Battlefields in Germany
Germany is a country of remarkable diversity, from the dune fringed coasts of the north to the forests and rivers of the central belt, the imperial cities of the east, and the Bavarian Alps in the south. But Germany has seen its fair share of war, and although the battles on German soil might not be as well-known as others, they were still as devastating and monuments to the fallen can be found in most towns.
The easiest way to get around Germany is by car, especially when visiting some of the more remote locations. You can hop on our car ferry from Newcastle to IJmuiden or from Dover to Dunkirk and Calais and drive through Germany’s wonderful countryside. The Autobahn makes life a lot easier and it stretches over 8,000 miles, covering most of the country. Even rural roads in Germany are exceptionally well maintained and well signposted.
The Battle of Hürtgen Forest was a series of skirmishes that took place from September 1944 to February 1945 during the Second World War. The Battle took place in the Hürtgen Forest in western Germany between the Ruhr River and the city of Aachen, about 50 miles east of the border with Belgium. It was the longest battle on German ground, and is the longest single battle the U.S. Army has ever fought.
The signs of battle are still evident in the region. In Vossenack you’ll find the Hürtgenwald 1944 museum and there are many memorials nearby. You can follow the well-signposted “Kall Trail” down into the forest where many remains of the battle are still visible. However, you are advised not to leave the signposted routes, as there are still mines in the forest and the maps of the minefields have long since disappeared. There are also two large German war cemeteries in Vossenack and Hürtgen which are worth a visit.
Image credit: Xamos
Situated between Aachen and Monschau, you can see the dragon’s teeth fortifications of the Siegfried Line. Also known as the Westwall, the Siegfried Line was a defensive position that stretched more than 390 miles and featured more than 18,000 bunkers, tunnels and tank traps.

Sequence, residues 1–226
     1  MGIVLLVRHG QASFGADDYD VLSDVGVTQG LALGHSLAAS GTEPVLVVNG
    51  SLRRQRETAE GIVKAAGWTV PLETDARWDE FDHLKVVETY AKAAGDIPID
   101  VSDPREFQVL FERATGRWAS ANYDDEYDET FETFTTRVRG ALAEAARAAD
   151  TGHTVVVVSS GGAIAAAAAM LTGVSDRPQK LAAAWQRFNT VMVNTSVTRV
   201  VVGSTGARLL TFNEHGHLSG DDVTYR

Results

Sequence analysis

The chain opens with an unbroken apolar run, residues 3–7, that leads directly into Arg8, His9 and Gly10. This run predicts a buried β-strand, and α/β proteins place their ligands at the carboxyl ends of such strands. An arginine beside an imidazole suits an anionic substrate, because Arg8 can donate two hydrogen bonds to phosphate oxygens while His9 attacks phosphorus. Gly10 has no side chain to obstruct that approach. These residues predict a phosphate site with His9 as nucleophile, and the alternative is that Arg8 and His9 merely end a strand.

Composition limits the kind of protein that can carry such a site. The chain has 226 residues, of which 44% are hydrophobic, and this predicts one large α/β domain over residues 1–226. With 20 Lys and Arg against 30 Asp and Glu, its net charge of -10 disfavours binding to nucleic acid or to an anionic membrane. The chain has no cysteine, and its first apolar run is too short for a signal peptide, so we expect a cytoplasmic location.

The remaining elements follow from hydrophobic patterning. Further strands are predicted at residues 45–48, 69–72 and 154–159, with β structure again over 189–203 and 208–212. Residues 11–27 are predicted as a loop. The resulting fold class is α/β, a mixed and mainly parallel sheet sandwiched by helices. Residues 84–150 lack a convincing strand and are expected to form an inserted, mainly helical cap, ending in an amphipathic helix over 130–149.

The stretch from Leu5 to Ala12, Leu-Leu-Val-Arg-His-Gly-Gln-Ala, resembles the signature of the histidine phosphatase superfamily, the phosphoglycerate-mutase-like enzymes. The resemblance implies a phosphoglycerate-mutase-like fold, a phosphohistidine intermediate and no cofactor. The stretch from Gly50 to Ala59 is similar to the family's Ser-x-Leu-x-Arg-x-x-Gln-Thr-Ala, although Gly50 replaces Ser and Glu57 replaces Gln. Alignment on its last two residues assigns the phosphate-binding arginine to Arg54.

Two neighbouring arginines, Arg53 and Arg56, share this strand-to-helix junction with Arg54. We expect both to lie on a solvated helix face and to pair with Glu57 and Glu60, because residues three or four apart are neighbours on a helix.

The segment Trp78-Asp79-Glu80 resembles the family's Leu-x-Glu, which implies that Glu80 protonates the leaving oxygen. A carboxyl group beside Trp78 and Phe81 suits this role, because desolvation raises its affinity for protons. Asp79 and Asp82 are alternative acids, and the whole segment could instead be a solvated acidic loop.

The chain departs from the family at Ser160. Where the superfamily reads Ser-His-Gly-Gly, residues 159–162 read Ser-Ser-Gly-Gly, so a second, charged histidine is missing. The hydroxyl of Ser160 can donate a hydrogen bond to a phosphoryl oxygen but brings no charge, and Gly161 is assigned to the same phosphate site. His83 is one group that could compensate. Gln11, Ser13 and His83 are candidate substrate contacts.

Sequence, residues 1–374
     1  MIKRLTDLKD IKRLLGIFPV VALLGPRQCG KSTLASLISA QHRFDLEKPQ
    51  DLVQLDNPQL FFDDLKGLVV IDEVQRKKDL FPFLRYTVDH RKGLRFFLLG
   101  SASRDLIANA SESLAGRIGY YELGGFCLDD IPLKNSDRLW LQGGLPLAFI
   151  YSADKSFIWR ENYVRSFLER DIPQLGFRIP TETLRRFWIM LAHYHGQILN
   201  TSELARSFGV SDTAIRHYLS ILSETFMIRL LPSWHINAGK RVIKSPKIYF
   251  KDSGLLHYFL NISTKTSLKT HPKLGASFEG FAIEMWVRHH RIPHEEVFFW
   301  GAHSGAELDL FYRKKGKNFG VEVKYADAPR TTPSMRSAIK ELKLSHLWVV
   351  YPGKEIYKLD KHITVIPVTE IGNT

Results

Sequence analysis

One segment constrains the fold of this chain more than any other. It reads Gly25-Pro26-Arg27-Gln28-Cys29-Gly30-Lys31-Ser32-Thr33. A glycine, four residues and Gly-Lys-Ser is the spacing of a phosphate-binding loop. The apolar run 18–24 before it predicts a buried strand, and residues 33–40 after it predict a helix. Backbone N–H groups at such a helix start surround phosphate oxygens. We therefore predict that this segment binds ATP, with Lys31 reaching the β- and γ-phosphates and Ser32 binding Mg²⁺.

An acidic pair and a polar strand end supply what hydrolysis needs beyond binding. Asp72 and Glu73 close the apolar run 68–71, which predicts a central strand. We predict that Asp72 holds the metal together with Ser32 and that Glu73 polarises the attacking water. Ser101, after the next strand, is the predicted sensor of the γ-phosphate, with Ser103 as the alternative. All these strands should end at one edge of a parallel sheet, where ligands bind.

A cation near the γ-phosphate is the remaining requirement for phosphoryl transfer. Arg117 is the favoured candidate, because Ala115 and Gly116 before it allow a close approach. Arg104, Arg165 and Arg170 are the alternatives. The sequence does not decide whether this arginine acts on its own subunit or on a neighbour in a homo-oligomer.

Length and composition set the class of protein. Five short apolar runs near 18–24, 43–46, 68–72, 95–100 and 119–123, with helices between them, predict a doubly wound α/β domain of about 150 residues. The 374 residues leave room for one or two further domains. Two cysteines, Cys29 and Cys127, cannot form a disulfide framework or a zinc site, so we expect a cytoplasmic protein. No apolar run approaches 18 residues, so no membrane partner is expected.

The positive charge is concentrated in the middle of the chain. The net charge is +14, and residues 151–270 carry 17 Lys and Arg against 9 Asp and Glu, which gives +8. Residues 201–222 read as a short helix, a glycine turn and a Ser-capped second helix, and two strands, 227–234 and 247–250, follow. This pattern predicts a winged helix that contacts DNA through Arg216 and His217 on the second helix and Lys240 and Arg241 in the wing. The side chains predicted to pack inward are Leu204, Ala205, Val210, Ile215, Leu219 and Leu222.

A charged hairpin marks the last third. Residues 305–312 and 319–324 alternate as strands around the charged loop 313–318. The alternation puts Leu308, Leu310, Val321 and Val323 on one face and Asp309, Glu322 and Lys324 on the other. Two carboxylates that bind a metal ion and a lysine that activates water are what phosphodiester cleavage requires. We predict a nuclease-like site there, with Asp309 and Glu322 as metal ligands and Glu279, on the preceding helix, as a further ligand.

There is an eight-mile stretch of the Westwall Wanderweg (Siegfried Line hiking route) which leads from Simmerath in the Hürtgen Forest to Monschau.
Amazingly, you can still find the concrete dragon’s teeth fortifications that have remained intact.
Many are situated in private gardens, along the roadside and in fields, as it was too expensive to remove these huge concrete pyramids.
The Ludendorff Bridge was, in March 1945, one of two remaining bridges across the River Rhine in Germany when it was captured during the Battle of Remagen by U.S. Army forces.
It is situated midway between Coblenz and Cologne and it connected Remagen on the west bank with the village of Erpel on the eastern side.
Visitors approaching the bridge today will see two towers, all that is left of the original bridge on the west bank – the east bank also has two similar dark towers.
What remains of the bridge is home to the Peace Museum, which houses photographs and artefacts, while the letters and documents exhibited make for fascinating reading.
The Battle of the Seelow Heights was part of the Soviet assault on Berlin towards and lasted three days in April 1945. Estimates of Russian casualties in this battle alone range from 5,000 to 33,000, with 12,000 Germans killed. At the culmination of this pivotal battle, Berlin was fully encircled and the battle for Berlin entered its final stage. Within two weeks, Adolf Hitler was dead and the war in Europe was over.
The battle took place in the small market town of Seelow, located today on the B1 road, close to where it crosses the Oder River. There is a monument in the town that shows a Red Army soldier with his hand on the turret of a defeated German tank and a museum was built in 1972 to complement the war memorial on the hill, built in the shape of a typical Russian bunker.